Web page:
January 7th 2016 and a day to reflect
It is hard to believe that a year ago today, we finally said farewell to Mum at the great
age of 94. It was a day when we felt nothing else would seem appropriate, other than
a quiet, family service with a few friends and some suitable words from the reader of
Springfield Church. Just as we were about to leave for the crematorium, news broke
of a shooting at the offices of Charlie Hebdo magazine in Paris. Within minutes, the
true horror of what had been experienced by the terrified staff began to make itself
plain to the waiting world. My feelings were thrown into disarray and I tried to make
some sense of it all, putting personal grief into one place and empathetic shock into
another. Soon, the car arrived and the day we had planned took over once more. Out
of respect for me, I would imagine, no-one mentioned Paris, yet I am sure it was on our
minds. We had, what Mum would have no doubt described, a ‘lovely’ day. Photos of
the Wharam family from the 1920s to 2014 were displayed on a large TV screen at the
wake and it was so nice to hear people’s comments and laughter, for laughter was
something Mum always loved to hear, especially if it came from the lips of her family. We
drank champagne, her favourite tipple and toasted her many, many times during the ensuing hours.
The following day, we began to return to normality and I began the task of arranging for
Dad’s headstone in Dartmouth to be amended to include Mum. We spent a bittersweet
few days in that heavenly town in October and scattered Mum’s ashes on what would
have been her 95th birthday, in the sea just by St Petrox church at the mouth of the River Dart.
March 7th 2015 and a visit to ISIS
This headline might possibly bring about some unwanted views, but perhaps its intrinsic ‘appeal’ to the curious may work.
Lyn and I spent the evening at HMP YOI Isis, part of the Belmarsh complex in south-east London. Not a place one would relish going to, as a visitor, educator or prisoner. Built in 2010, it houses men between the ages of 18 and 30 who have been sent to prison often as a last resort and was built to Category ‘B’ standards, which means that it has quite high security for longer term inmates. I hesitate to use the word, ‘offender’, as I feel it is a term used far too frequently by the establishment, often erroneously.
For me, initially, it was about going back to prison, this time as a visitor. Yes, going beyond the visits hall and into the jail dressed in civvies and knowing I would be able to walk out later felt very strange, almost unnerving, yet the staff made the ingress as easy as possible. The Pimlico Opera company, a truly great bunch of individuals who put on shows in UK prisons had taken on the task of producing a new version of Our House, a light opera inspired and written by Madness, featuring songs from the truly brilliant back catalogue of same. The prison gym had been transformed into a theatre, complete with full lighting rig, sound system, tiered seating and interactive stage. I had taken the opportunity to read a critique of ‘Our House at Isis’ by Musical Theatre Review, so kind of knew what was coming our way. However, as the production was on its final night last night, I felt that a more generous appraisal would be appropriate.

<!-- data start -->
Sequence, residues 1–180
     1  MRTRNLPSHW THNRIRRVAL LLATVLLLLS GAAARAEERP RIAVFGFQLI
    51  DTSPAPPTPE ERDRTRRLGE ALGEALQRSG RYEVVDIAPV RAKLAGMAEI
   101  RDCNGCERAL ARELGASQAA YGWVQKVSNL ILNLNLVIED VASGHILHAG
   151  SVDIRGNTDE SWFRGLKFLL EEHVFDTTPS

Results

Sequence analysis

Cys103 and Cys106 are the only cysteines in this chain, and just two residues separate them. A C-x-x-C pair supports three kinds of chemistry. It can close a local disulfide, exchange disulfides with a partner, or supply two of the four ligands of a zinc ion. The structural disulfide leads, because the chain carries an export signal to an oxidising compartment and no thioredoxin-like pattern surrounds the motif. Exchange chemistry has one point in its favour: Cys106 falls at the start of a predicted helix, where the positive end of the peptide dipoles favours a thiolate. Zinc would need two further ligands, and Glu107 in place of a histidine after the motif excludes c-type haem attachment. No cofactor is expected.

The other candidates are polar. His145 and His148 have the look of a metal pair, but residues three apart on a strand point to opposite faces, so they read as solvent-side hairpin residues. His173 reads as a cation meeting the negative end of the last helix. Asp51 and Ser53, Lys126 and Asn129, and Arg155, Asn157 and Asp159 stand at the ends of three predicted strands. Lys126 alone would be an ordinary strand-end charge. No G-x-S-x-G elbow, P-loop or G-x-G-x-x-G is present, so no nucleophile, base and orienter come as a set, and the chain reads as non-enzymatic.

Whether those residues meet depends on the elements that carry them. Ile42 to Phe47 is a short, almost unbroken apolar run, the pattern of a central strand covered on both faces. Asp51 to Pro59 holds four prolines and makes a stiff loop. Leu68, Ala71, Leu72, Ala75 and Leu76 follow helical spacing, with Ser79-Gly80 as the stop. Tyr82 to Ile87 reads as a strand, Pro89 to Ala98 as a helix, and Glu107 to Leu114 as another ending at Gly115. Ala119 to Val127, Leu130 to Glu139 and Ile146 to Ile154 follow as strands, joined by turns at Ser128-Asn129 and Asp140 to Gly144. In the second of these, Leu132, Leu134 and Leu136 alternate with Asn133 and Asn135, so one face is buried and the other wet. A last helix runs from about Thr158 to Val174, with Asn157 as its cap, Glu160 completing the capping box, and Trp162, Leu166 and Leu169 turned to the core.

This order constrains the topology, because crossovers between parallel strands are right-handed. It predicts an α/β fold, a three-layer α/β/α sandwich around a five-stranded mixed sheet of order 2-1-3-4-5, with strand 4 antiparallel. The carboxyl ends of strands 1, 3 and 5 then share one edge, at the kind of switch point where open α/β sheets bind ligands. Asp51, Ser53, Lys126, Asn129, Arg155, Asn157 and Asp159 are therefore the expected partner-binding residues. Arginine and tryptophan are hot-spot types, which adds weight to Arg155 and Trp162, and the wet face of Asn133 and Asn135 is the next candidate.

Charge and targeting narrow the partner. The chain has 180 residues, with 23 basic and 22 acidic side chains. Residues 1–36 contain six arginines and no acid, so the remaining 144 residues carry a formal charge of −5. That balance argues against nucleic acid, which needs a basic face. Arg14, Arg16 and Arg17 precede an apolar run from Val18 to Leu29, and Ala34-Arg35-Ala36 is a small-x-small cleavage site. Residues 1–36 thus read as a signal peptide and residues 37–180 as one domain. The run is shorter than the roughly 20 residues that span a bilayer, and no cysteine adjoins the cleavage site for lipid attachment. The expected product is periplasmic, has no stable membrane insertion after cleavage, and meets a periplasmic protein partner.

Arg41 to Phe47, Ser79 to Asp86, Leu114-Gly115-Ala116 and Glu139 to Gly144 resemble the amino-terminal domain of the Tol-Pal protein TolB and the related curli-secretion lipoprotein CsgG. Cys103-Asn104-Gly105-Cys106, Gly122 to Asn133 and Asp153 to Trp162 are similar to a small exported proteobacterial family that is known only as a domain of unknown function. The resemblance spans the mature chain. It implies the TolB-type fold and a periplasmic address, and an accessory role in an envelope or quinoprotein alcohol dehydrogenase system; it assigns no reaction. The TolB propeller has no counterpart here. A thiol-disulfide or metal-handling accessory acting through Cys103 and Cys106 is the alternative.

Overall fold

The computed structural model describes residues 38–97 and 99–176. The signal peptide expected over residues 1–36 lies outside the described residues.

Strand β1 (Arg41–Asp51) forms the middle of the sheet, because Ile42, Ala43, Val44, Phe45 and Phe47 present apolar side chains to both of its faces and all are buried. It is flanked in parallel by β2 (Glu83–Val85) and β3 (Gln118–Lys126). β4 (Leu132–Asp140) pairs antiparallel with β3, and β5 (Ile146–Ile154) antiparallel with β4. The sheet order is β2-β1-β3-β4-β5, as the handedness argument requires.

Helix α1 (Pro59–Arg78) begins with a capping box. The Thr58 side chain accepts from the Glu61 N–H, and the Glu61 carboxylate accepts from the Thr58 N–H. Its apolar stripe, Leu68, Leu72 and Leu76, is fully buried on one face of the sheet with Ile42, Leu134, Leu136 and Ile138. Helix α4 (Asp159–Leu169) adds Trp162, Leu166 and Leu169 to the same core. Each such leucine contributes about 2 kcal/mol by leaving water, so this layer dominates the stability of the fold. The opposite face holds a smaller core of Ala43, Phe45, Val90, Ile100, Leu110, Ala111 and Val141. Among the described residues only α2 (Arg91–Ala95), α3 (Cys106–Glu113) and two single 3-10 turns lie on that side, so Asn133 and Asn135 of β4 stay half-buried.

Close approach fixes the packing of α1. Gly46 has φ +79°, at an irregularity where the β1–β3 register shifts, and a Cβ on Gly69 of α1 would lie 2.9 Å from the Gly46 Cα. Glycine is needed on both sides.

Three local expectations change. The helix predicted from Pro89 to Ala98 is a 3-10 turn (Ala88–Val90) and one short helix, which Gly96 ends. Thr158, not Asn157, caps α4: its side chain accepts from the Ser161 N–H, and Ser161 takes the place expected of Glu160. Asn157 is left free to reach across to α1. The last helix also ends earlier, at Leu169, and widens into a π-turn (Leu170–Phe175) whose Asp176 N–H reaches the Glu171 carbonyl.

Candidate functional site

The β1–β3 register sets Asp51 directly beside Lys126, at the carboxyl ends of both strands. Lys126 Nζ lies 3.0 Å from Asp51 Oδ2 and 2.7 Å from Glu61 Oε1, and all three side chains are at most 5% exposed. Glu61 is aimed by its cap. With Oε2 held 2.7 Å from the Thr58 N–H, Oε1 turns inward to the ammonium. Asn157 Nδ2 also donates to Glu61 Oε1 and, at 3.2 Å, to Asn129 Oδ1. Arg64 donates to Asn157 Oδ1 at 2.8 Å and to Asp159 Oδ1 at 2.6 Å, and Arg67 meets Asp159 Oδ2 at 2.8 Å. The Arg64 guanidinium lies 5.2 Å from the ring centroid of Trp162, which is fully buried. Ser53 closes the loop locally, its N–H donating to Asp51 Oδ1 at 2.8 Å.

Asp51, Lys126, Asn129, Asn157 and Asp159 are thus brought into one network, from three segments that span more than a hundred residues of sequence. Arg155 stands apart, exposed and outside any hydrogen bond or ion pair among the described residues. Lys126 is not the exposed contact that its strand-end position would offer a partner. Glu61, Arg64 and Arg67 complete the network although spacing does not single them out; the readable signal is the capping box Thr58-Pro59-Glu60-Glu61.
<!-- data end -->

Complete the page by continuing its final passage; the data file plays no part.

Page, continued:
Led by Tom Child and Jocasta Almgill as Joe Casey and Sarah, his girlfriend, the cast featured Suggs McPherson as Joe’s dad and Victoria Ward as his long-suffering and loving mum. As a Madness fan, the music was, for me, going to be a big part of the evening and it did not disappoint. To say at this stage that the production was professionally run from start to finish wouldn’t even do it justice. It carried weight, gravitas, emotion and passion, which brings me to the best part of the whole evening, the supporting cast. Twenty-four inmates of HMP Isis played their roles extremely well and whilst I would hesitate to single anyone out, I found Ray C as Reecey to be highly convincing. Let’s watch out for him in the future as his previous time spent studying performance arts at Kingsway College doesn’t seem to have been wasted at all. Great stuff. Other notable performances were Hakeem J as the hapless and ultimately ‘unsuccessful with girls’ Lewis and Jordan H as Emmo. Their interviews in the programme show them as self-effacing and displaying an honesty rarely found amongst the young. I also enjoyed the performance of Callum, played by Jordan D, an inmate who on his own admission speaks mainly Patois but managed his role very well. The supporting professionals from Pimlico Opera were highly entertaining, especially in the song and dance routines which were superbly choreographed by Chantry Dance Company.
So, a two hour light opera. In a prison. On a Friday night. Was it worth it? You bet it was. This is rehabilitation working at its best. Among those in the audience were the Chief Inspector of Prisons, Nick Hardwick-a man who in this writer’s opinion will be sorely missed by those wishing to improve conditions in Britain’s prisons, James Timpson of Timpsons-a company which has chosen to employ ex-prisoners in the workplace and many others who believe passionately in the right way to help the incarcerated.
We need a lot more of this.
I have often agonised over my belief in the legitimacy of this work, but have been bolstered up and reassured by many good friends and confidantes that I should go ahead and do it. To write about the Holocaust is indeed a challenging task and to write a novel seems in some ways even more of an ordeal that to write about it from a historical, academic point of view. I hope that readers will understand my reasons for continuing with the project and will see it for what it is: a story.
If you do decide to read the book, I would be grateful for honest, forthright reviews on any of the review sites. If you like the book, tell your friends. If you don’t, please tell me.